Doves were next and were the perfect act to restore me to normality. They were luminous and lustrous and shining and all the other adjectives that centrally locate their brand of dance infused epic indie within a certain sphere of sounds. Having recently released a best of, they appear to be performing as a prestige act, sitting resplendent among the top acts within the country and enjoying their time there. They certainly gained much applause for their evening’s effort and were rapturously received; ending the night with ‘Spaceface’ was a great reminder of why the band have been around for so long and why they have experienced so much critical and public support.

Sunday started with a hangover, it crushed and bruised my battered brain and left me scrabbling around for change, desperate to get enough for a juice or a water to cool my head down. The sun was up but that would soon change as the weather kept transforming the rolling clouds, bringing with them the covering darkness, anticipating rain. As our hangovers subsided we moved into the main arena and checked out a series of small tents and activities, each showing us how diverse and creative this festival is. With all the arts and crafts going on it seems like an excellent festival to bring a family to and they really seem to cater for that type of audience. There are enough street artists, cabaret acts, jugglers, escape artists and comedians to keep everyone entertained and it finds such a suitable home here in Kendal Calling, much less psychedelic than similar acts at Glastonbury and instead much more homely and child-friendly.

The first act we saw that day was British Sea Power, another band who find their origins in Kendal. They decked out their stage in marvellous plumes of vegetation. They performed a typically quirky set appealing to fans of British Sea Power from ‘The Decline Of…’ days all the way through to 2008’s ‘Do You Like Rock Music?’, starting with the sparkling ‘A Wooden Horse’ and ending with crowd-pleaser ‘Spirit Of St Louis’. They were perfectly befitting of the surroundings, with their maudlin tone and approach suggestive of the darkening clouds that seemed to want to burst but never really could. Likewise the luscious foliage that surrounded them on stage seemed to look up to sky asking to be soaked, fitting into some underlying sense of ambience; that really the music played out to the atmosphere of festival and that the festival was not just for music.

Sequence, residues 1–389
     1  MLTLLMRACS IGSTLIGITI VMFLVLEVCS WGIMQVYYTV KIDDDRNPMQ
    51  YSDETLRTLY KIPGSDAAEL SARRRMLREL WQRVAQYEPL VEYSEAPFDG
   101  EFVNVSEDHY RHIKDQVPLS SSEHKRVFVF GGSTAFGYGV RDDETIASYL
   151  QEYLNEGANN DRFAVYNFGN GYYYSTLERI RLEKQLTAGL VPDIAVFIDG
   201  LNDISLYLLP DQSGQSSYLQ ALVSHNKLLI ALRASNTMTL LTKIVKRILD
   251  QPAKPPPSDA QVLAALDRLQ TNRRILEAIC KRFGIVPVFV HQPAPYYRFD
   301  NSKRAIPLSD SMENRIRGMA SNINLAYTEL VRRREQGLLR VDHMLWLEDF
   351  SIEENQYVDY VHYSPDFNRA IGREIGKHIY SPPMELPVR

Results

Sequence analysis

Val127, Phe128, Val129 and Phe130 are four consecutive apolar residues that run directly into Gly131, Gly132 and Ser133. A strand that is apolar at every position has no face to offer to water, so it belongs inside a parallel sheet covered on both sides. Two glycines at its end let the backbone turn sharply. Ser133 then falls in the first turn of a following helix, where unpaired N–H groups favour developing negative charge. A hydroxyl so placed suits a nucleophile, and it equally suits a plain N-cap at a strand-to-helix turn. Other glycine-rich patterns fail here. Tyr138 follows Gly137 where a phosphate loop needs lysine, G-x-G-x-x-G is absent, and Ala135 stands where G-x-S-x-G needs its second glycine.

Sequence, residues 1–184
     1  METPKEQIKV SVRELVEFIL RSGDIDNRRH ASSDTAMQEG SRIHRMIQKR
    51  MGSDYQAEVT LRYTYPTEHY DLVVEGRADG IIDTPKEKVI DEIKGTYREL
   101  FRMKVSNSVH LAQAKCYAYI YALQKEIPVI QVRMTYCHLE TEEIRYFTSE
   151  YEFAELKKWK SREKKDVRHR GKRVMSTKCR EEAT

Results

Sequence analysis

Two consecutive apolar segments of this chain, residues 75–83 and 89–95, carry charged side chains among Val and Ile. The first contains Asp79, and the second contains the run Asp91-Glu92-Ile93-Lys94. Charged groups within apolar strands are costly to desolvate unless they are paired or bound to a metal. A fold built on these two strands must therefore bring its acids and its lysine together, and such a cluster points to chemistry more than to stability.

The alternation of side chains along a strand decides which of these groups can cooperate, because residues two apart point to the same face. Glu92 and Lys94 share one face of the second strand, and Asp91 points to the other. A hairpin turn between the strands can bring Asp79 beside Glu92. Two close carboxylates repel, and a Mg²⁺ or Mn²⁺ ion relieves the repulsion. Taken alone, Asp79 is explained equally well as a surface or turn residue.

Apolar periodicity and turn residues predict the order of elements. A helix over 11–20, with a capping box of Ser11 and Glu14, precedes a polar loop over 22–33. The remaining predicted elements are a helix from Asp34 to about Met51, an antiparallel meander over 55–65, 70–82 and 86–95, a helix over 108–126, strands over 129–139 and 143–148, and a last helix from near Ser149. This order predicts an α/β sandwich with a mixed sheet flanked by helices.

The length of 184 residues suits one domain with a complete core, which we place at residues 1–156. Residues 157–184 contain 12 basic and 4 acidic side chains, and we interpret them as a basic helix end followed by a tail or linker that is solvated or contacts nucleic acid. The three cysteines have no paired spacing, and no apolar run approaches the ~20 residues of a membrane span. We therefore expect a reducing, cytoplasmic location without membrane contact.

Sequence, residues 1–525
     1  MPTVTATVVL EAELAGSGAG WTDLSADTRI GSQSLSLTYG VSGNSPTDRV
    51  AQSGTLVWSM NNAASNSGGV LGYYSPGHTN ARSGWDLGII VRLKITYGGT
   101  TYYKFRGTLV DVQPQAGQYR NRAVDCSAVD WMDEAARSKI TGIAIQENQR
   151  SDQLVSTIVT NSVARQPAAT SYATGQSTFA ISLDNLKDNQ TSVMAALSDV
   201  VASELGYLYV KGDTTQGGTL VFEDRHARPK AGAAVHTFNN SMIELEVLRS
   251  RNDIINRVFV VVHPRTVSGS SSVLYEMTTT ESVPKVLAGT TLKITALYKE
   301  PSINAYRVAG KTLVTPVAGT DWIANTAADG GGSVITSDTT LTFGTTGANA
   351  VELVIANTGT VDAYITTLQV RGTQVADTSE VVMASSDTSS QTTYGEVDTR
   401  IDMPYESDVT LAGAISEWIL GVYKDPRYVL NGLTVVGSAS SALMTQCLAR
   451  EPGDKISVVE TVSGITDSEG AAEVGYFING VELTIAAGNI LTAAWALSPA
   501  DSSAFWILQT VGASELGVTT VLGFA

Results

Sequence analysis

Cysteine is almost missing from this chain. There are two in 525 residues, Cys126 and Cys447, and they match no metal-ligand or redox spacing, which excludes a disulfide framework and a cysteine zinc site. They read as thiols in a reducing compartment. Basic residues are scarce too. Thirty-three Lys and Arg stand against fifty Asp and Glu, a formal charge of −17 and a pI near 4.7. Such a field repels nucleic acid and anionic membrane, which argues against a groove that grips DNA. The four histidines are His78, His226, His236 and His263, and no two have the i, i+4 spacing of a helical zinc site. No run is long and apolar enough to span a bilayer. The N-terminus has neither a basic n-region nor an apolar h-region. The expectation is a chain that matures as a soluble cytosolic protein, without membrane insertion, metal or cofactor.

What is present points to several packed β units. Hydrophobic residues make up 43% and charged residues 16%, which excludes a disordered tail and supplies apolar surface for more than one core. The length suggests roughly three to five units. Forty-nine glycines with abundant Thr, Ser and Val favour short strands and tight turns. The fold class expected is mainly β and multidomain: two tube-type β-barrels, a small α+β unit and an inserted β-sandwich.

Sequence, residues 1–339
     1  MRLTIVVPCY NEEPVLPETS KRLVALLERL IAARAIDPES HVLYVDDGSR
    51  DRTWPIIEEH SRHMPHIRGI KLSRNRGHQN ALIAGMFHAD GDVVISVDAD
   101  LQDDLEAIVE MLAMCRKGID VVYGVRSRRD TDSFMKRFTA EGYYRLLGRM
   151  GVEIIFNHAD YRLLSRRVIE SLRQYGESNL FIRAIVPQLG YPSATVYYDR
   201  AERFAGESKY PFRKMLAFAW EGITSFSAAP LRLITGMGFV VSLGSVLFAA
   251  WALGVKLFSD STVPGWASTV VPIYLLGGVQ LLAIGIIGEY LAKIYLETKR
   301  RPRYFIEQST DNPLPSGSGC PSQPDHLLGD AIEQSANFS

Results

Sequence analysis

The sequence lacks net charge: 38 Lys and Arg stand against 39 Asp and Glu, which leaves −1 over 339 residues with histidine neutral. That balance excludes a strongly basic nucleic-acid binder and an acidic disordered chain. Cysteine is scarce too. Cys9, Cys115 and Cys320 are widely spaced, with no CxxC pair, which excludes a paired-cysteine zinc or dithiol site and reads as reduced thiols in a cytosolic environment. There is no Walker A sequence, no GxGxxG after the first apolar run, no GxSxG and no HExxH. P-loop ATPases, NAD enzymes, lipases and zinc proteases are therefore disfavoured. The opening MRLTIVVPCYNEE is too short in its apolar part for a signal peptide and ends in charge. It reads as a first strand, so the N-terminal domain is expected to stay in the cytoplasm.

After British Sea Power, I made my way over to the Calling Out stage to see These New Puritans. As I stood before the stage I was left wondering how they would manage to play some of those excellent loop and sample filled songs from ‘Hidden’ without either making them too unrecognisable nor too polished. Most of the songs managed to fit this bill, tracks like ‘We Want War’, ‘Holograms’ and ‘Attack Music’ settling in nicely. But then with the live sound/recorded sound differing so much between first and second albums it was always going to be difficult to bridge the gap between the two. ‘Elvis’ sounded slightly tired as a result, no doubt because the songwriting in ‘Hidden’ has so much more clarity in it than the art-rock pose of the ‘Beat Pyramid’ era. It was, however, a captivating set with Jack Barnett becoming a focal point as he swung and danced about the stage to the discordant rhythms.

And with that I met back up with my friends and we sped into the night, and in particular to the dance tent to catch the last remaining DJs before the end of the festival. Kendal Calling is a small festival but it is vibrant and has lots to see and do as well as boasting a warm and friendly atmosphere. Unfortunately, the closed off arena made it expensive and the result was a rather clunky festival where one would often find themselves returning to the tent during the afternoon when all you really wanted to do was soak in the bands.

Overall though, it was a great festival with a lot of experiences to have and a lot of music to enjoy. SJS